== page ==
Keating v. Washington County Detention Center et al, No. 5:2008cv05243 - Document 70 (W.D. Ark. 2011)

Court Description: MEMORANDUM OPINION adopting 68 Report and Recommendations. Other specifics set out in Order. Signed by Honorable Jimm Larry Hendren on August 23, 2011. (adw)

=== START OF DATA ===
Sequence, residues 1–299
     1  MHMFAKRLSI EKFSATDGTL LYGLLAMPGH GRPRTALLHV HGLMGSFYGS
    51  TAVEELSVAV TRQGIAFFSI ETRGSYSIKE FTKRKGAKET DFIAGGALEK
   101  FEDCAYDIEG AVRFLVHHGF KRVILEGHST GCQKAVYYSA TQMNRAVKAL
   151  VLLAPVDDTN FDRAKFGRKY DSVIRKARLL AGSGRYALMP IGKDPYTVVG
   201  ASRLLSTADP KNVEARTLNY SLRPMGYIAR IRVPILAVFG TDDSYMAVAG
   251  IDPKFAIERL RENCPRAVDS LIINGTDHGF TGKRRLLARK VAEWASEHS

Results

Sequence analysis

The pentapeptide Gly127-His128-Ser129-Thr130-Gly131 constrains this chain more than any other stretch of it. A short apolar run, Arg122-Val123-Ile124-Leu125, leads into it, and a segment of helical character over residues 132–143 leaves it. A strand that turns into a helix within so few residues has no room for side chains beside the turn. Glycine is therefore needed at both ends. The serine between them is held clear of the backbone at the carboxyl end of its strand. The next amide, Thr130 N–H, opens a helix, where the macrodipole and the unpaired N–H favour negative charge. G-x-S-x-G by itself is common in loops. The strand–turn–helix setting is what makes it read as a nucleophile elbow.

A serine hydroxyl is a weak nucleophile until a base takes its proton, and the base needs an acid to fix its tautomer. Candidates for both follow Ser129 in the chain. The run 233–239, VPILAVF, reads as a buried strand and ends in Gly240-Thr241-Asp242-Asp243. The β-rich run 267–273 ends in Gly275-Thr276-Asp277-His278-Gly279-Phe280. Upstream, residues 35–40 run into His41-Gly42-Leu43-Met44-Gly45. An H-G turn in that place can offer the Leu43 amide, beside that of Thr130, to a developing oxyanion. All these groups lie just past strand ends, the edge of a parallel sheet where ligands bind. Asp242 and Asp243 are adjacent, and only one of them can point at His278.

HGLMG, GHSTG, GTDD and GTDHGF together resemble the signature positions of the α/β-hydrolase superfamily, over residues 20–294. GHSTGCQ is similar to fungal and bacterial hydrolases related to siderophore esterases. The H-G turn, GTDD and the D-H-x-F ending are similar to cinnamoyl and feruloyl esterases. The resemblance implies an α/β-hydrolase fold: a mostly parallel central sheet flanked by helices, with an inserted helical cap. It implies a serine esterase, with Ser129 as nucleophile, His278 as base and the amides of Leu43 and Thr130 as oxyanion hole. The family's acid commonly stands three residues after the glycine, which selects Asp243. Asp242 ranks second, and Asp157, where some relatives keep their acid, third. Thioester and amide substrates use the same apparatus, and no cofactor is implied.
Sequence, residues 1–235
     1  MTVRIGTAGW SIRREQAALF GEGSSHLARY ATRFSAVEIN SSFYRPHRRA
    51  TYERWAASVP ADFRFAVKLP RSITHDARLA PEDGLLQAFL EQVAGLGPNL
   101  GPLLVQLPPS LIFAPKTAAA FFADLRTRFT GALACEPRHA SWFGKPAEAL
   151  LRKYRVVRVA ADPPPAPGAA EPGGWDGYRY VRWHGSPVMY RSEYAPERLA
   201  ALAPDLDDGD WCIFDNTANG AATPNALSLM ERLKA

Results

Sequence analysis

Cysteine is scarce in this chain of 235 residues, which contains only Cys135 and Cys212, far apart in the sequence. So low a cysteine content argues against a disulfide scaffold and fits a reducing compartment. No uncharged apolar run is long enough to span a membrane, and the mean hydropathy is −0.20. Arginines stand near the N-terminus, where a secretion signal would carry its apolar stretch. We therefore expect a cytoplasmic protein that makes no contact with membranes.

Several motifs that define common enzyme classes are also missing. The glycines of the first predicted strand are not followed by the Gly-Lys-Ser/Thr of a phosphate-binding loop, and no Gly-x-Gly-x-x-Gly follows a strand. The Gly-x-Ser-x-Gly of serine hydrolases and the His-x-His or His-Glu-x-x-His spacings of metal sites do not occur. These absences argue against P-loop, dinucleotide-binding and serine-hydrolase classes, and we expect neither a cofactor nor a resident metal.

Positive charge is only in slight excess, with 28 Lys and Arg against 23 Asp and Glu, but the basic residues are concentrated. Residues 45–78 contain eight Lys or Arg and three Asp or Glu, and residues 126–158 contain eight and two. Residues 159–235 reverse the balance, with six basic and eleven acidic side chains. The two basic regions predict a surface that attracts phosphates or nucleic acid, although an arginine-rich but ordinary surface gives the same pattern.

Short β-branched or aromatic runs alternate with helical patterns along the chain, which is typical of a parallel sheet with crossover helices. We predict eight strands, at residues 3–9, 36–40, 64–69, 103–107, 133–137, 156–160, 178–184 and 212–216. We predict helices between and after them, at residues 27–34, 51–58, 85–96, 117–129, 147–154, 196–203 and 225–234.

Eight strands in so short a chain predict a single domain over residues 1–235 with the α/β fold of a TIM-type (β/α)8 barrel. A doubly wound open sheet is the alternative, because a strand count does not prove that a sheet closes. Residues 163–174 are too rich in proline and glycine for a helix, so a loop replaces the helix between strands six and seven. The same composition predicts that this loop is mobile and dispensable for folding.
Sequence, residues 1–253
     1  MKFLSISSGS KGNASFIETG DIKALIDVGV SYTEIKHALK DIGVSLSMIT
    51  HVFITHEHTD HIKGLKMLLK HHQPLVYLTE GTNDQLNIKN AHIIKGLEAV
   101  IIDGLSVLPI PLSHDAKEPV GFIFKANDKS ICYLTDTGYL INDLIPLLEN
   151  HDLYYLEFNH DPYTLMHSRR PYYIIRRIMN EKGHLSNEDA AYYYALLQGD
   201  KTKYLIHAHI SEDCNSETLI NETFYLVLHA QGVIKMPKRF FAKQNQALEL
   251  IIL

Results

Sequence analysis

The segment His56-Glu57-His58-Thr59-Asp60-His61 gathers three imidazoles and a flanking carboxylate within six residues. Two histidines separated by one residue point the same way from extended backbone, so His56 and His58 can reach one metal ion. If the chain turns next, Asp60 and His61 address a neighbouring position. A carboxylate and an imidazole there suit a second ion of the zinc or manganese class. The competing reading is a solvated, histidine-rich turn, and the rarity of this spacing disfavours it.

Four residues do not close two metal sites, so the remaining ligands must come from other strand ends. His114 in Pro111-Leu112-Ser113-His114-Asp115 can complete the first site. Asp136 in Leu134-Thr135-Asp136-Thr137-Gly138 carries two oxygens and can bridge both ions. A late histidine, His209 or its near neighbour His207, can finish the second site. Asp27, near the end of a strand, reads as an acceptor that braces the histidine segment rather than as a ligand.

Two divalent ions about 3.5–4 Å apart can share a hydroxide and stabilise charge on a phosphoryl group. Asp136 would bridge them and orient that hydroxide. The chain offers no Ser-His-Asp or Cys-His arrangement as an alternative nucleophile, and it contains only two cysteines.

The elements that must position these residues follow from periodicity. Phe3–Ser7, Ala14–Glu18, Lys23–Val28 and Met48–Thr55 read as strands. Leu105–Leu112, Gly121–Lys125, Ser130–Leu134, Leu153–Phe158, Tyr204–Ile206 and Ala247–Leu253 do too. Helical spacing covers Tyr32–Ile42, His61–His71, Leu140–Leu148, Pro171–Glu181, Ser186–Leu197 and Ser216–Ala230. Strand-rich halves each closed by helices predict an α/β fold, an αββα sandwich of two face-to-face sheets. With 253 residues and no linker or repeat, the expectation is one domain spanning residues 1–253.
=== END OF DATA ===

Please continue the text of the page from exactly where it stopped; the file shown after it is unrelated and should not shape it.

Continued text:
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IN THE UNITED STATES DISTRICT COURT WESTERN DISTRICT OF ARKANSAS FAYETTEVILLE DIVISION MATTHEW MICHAEL KEATING v. PLAINTIFF Civil No. 08-5243 SHERIFF TIM HELDER, Washington County, Arkansas; RANDALL DENZER, Jail Administrator, Washington County Detention Center; CORPORAL NATHAN MATTHEWS; DEPUTY CODY STOUT; NURSE SHIRLEY MOSS; SGT. MISTY CHARLES; SGT. MICHAEL CAMBRON; SGT. J. FULLER; SGT. S. BREWER; CORPORAL T. MUGGY; SGT. SCHMIDT; DEFENDANT WHITEHOUSE; CHARLES DOBBS; DEPUTY WILLIAM HURLEY; DOYLE SHARP; KEVIN EAST; LT. MASON; BRAD MORGAN; and CHAD MORGAN DEFENDANTS MEMORANDUM OPINION Now on this 23rd day of August, 2011, comes on for consideration the Report And Recommendation Of The Magistrate Judge ("R&R") (document #68), and Washington County Defendants' Objections To Report And Recommendation ("Objections") (document #69), and from these documents, the Court finds and orders as follows: 1. Plaintiff Matthew Michael Keating ("Keating") brought this action pursuant to 42 U.S.C. § 1983, challenging various conditions of his confinement at Washington County Detention Center ("WCDC"). United States Magistrate Judge Erin L. Setser conducted an evidentiary hearing on Keating's claims, and issued the R&R now under consideration. 2. The recommendations of Magistrate Judge Setser are as follows: * that Keating's claims against defendants Cody Stout, Shirley Moss, Misty Charles, Brandon Whitehouse, Charles Dobbs, Brad Morgan, Chad Morgan, Lori Schmidt Wilson, Deputy Hurley, Deputy Sharp, Deputy East, and Lieutenant Mason be dismissed; * that Keating's claims of unreasonable search, unconstitutional conditions of confinement, and interference with mail be dismissed; and * that Keating be awarded judgment on his due process claim in the amount of $11.00 nominal damages, plus his $350.00 filing fee, against defendants Sheriff Helder ("Helder") and Major Denzer ("Denzer") defendants Denzer, in their Corporal official Matthews capacities and ("Matthews"), against Sergeant Cambron ("Cambron"), Sergeant Fuller ("Fuller"), Sergeant Brewer ("Brewer"), and Corporal Muggy ("Muggy") in their individual capacities. 3. Helder, Denzer, Matthews, Cambron, Fuller, Brewer, and Muggy (collectively "Defendants") object to the recommendation that Keating receive judgment against them on his due process claim. Defendants make two objections: first, that the due process violations found by Magistrate Judge Setser amount to nothing more than negligent conduct, which will not support a claim under 42 -2- U.S.C. § 1983, and second, that if Helder and Denzer are liable in their official capacities on a failure to train theory, the remaining Defendants cannot be liable on a deliberate indifference theory. 4. There is no dispute about the facts which emerged at the evidentiary hearing conducted by Magistrate Judge Setser, and the Court summarizes them here to form the background for its analysis of Defendants' objections: * WCDC has a written policy on inmate discipline (the "Policy"), which provides, in relevant part, as follows: 1.b. Officers shall inform the Jail Administrator in writing whenever disciplinary actions are taken. Incident reports shall include, the facts of the offense, the date and time, witness's names, and the officer's (s') actions.... 1.f. All disciplinary actions shall be reviewed by the facility administrator and an informal hearing conducted in accordance with this section if the situation warrants.... 6.a. Any disciplinary action taken by an officer against a detainee shall be reviewed by the shift supervisor. If the detainee wants to appeal, he/she shall appeal to the jail lieutenant. If the action(s) of the jail lieutenant are unsatisfactory to the detainee, he/she may appeal to the jail captain. If that appeal is not satisfactory to the detainee, an appeal my be taken to the Sheriff for review. * Keating was arrested on June 17, 2008, charged with "Possession of Drug Paraphernalia w/Intent to Manufacture (METH)" and Possession of a Controlled Substance, and booked into WCDC. * On June 24, 2008, -3- Deputy Hurley learned that methamphetamine was available in S-Block of WCDC, where Keating was a pre-trial detainee. Several inmates implicated Keating as the supplier, saying that he concealed the drug in his rectum and also received it through the mail. Keating was sent to the hospital, where an x-ray and an enema failed to reveal any drugs concealed in his rectum. * Immediately after Keating's return from the hospital, Captain Osburn authorized locking him down1 for ten days for "Introducing Contraband in a Controlled Facility." * Keating's cell was searched, and several greeting cards he had received in the mail were seized. Lieutenant Mason ("Mason") and Detective Hulsey ("Hulsey") wrote incident reports indicating that a drug-sniffing dog alerted on the cards, and that paper shavings from one tested positive for the presence of methamphetamine. The weight to be given to both the testimony and the reports of Mason and Hulsey is considerably diminished by the fact that the reports did not turn up until the day of the evidentiary hearing. * On June 25, 2008, Matthews wrote up the Disciplinary Report of the previous day's incident, even though Matthews had no personal knowledge about it. the facts of the offense, Matthews' report does not include the 1 date and time it supposedly Lockdown involves confinement to a cell 23 hours a day, and loss of commissary and visitation privileges and reading and writing materials. -4- occurred, or the names of witnesses2. In fact, the Disciplinary Report does not find Keating guilty of any misconduct. Instead, it states that there is "suspicion" of Keating "introducing a controlled substance into the facility," and an "ongoing investigation." It recommends that Keating be locked down for ten days "until further notified." * Matthews did not give Keating a copy of the Disciplinary Report. * Cambron, the Shift Supervisor, signed off on Matthews' report, despite its obvious failure to comply with the Policy. * Although the Disciplinary Report had a box checked indicating that Keating had been "notified of the right to file a disciplinary appeal in writing to the Disciplinary Review Board," Matthews did not recall telling Keating of his right to appeal, and Keating testified that he was not aware of any such right. * No copy of Matthew's report was provided to Denzer, the Jail Administrator. Denzer received a copy of Hurley's Incident Report, but he did not receive even this until "a day or two after the incident." Denzer did nothing to ensure that the Policy was followed or that Keating received due process in connection with the lockdown. * The Disciplinary Review Board, which consisted of 2 Coty Stout signed the Disciplinary Report in the line for "Witness Signature." It does not appear, however, that Stout was a witness to anything other than the report itself. -5- Fuller, Brewer, and Muggy, did not review Keating's disciplinary lockdown until June 29, five days after he was locked down. According to Denzer, this type of delay was routine. * The Disciplinary Review recommended ten days' lockdown. Board agreed with the Its members were not informed that no methamphetamine was found on Keating at the hospital. They were told that drug residue was found on some of Keating's mail, but had no documentation to that effect. Fuller acknowledged that the Disciplinary Review Board did not conduct a thorough investigation. * Denzer testified that the written disciplinary Policy did not accurately reflect actual disciplinary practice at WCDC. He also conceded that there was insufficient information to lock Keating down, and that it was a mistake for the Disciplinary Review Board to fail to review the lockdown for six days. 5. In light of the foregoing, the Court turns to Defendants' objection that the due process violations found by the Magistrate Judge amount to nothing more than negligent conduct, which will not support a claim under 42 U.S.C. § 1983. Section 1983 provides for civil liability against a person acting under color of state law who deprives a citizen of any constitutional right. "A § 1983 plaintiff must prove (1) the violation of a constitutional right, (2) committed by a state -6- actor3, (3) who acted with the requisite culpability and causation to violate the constitutional right." Hart v. City of Little Rock, 432 F.3d 801, 804 (8th Cir. 2005). 6. Defendants do not dispute that Keating was deprived of due process in connection with his disciplinary lockdown. Under the Due Process Clause of the Fourteenth Amendment, a state pretrial detainee such as Keating cannot be punished disciplinary infraction without due process of law. for a The minimum requirements of due process in this context have been outlined as follows: In a prison disciplinary proceeding, the prisoner must receive: (1) advance written notice of the disciplinary charges; (2) an opportunity, consistent with correctional goals and safety, to call witnesses and present a defense; and (3) a written statement of the evidence relied upon by the fact finder and the reasons for the disciplinary action. The written notice must be adequate to enable the accused prisoner to marshal the facts and prepare a defense. Dible v. Scholl, 506 F.3d 1106, 1110 (8th Cir. 2007) (internal citations and quotation marks omitted). See also Hartsfield v. Nichols, 511 F.3d 826, 830 (8th Cir. 2004), summarizing the requirements set out by the Supreme Court in Wolff v. McDonnell, 418 U.S. 539 (1974): ...written notice of the charges; a brief period ... to prepare; a written statement of the evidence relied on and reasons for the disciplinary action; and the ability for the inmate to call witnesses and present documentary evidence. 3 There is no dispute that the Defendants acted under color of state law. -7- 511 F.3d at 830 (internal quotation marks omitted). Keating did not receive written notice of the charges against him, the evidence against him with respect to them, or the reasons for his punishment. He also was not given an opportunity to defend himself and, in fact, was punished without having been found guilty of an infraction. As Matthews' Disciplinary Report stated, Keating was locked down on nothing more than "suspicion" and an "ongoing investigation." constitutional rights. These actions violated Keating's A pre-trial detainee "may not be punished prior to an adjudication of guilt in accordance with due process of law." 7. Bell v. Wolfish, 441 U.S. 520 (1979). The accepted standard for "requisite culpability" under § 1983 is not negligence, but deliberate indifference, which is established only if there is actual knowledge of a substantial risk of constitutional violation and a defendant disregarded that risk by intentionally failing or refusing to take reasonable measures to deal with the problem. Daniels v. Williams, 474 U.S. 327 (1986); Szabla v. City of Brooklyn Park, Minnesota, 486 F.3d 385, 398 (8th Cir. 2007). Deliberate indifference is something more than negligence but less than actual intent to harm. It requires showing that a defendant was aware of facts from which the inference could be drawn that there was a risk of constitutional violation, and that he actually drew the inference. Farmer v. Brennan, 511 U.S. 825, -8- 837 (1994). "Whether a prison official had the requisite knowledge of a substantial demonstration in risk the is usual a question ways, of including fact subject inference to from circumstantial evidence, . . . and a factfinder may conclude that a prison official knew of a substantial risk from the very fact that the risk was obvious." Id. at 842. The Court notes the following facts which are essentially undisputed: * Denzer knew that the written disciplinary Policy did not reflect actual disciplinary practices at WCDC. Denzer also knew that Keating was being disciplined, but did not recall seeing the Disciplinary Report that the Policy required him to receive. * Matthews wrote a Disciplinary Report that omitted facts, date, time, and witnesses, in direct violation of the Policy, and recommended that Keating be punished without any finding of guilt. * Cambron signed off on the Disciplinary Report despite its obvious failure to comply with WCDC policy, and despite its recommendation that Keating be punished without any finding of guilt. * Fuller, Brewer, and Muggy agreed with the recommended punishment, even though they had no evidence of guilt other than being told that drug residue was found on some of Keating's mail. This, of course, could have been the result of a contaminated correspondent rather than drugs being placed in the cards. -9- Fuller, Brewer, and Muggy did not do a thorough investigation. The Court finds the circumstantial evidence convincing on the issue of whether Denzer, Matthews, Cambron, Fuller, Brewer, and Muggy knew that Keating's due process rights either would be, or were being, violated in connection with the lockdown. Denzer knew his staff was not following WCDC Policy, and his staff punished a pre-trial detainee without any underlying finding of guilt, in violation of specific written Policy of their employer. This conduct is more than negligence. In the Court's view it satisfies the deliberate indifference standard of culpability. Defendants' first objection will, therefore, be overruled. 8. Defendants also contend that if Helder and Denzer are liable in their official capacities on a failure to train theory, the remaining Defendants indifference theory. cannot be liable on a deliberate Without citing any authority, Defendants simply argue that "it would be logically and legally inconsistent to concurrently hold that the individual officers, without being trained, actually knew of the risk of a deprivation." The Court does not agree. "A prison official may be held liable to a detainee if . . . his failure to train or supervise the offending actor caused the violation." F.3d 544, 550 (8th Cir. 2007). Kahle v. Leonard, 477 Denzer admitted that WCDC did not follow the Policy, and the facts reflect that it was not being followed. Denzer, as Jail Administrator, and Helder, as Sheriff, -10- were responsible for "managing the . . . operation of their . . . facilit[y] in compliance with the laws and . . . within the requirements of the United States Constitution." 503(a). A.C.A. § 12-41- The Court concludes, therefore, that Helder and Denzer are liable in their official capacities for failing to train their subordinates to follow the Policy. It does not necessarily follow from the foregoing finding, however, that Matthews, Cambron, Fuller, Brewer, and Muggy were ignorant of the Policy. The Policy is included in the official Washington County Detention Center Policy Manual, and it is reasonable to infer that employees are aware of what is in their employer's official policy manual. The training issue here is not failure to inform the employees that the Policy existed, but failure to train them that they were expected to follow it. More is encompassed in the notion of "training" than simply making one's employees aware of a policy -- it is incumbent upon superiors to train their subordinates that written policies are not mere window dressing -they are institutional practices the employees are expected to follow. Were the law otherwise, the mere placing of an acceptable policy on the books would insulate Washington County from liability. For these reasons, the Court sees no inconsistency in a finding that Helder and Denzer -- in their official capacities as -11- Sheriff and Jail Administrator respectively -- are liable to Keating for failure to train their subordinates to provide due process in a disciplinary context, and a finding that those subordinates were deliberately indifferent to the Keating's right to due process would be violated. risk that Defendants' second objection will, therefore, be overruled. IT IS THEREFORE ORDERED that Washington County Defendants' Objections To Report And Recommendation (document #69) are overruled. IT IS FURTHER ORDERED that the Report And Recommendation Of The Magistrate Judge (document #68) is adopted in toto. IT IS FURTHER ORDERED that Matthew Michael Keating's claims against Cody Stout, Shirley Moss, Misty Charles, Brandon Whitehouse, Charles Dobbs, Brad Morgan, Chad Morgan, Lori Schmidt Wilson, Deputy Hurley, Deputy Sharp, Deputy East, and Lieutenant Mason are dismissed. IT IS FURTHER ORDERED that Matthew Michael Keating's of unreasonable search, unconstitutional claims conditions of confinement, and interference with mail are dismissed. IT IS FURTHER ORDERED that plaintiff Matthew Michael Keating be awarded judgment -- to be entered by separate document in accordance with F.R.C.P. 58(a) -- in the sum of $11.00, plus his costs in the amount of $350.00, jointly and severally from defendants Tim Helder, Sheriff of Washington County, Arkansas and -12- Randall Denzer, Jail Administrator of Washington County Detention Center, in their official capacities, and from defendants Randall Denzer, Corporal Matthews, Sergeant Cambron, Sergeant Fuller, Sergeant Brewer, and Corporal Muggy in their individual capacities. IT IS FURTHER ORDERED that if any portion of the filing fee in this case has been paid through deductions from the inmate account of Matthew Michael Keating, the Clerk of Court refund that amount to Keating. IT IS SO ORDERED. /s/ Jimm Larry Hendren JIMM LARRY HENDREN UNITED STATES DISTRICT JUDGE -13-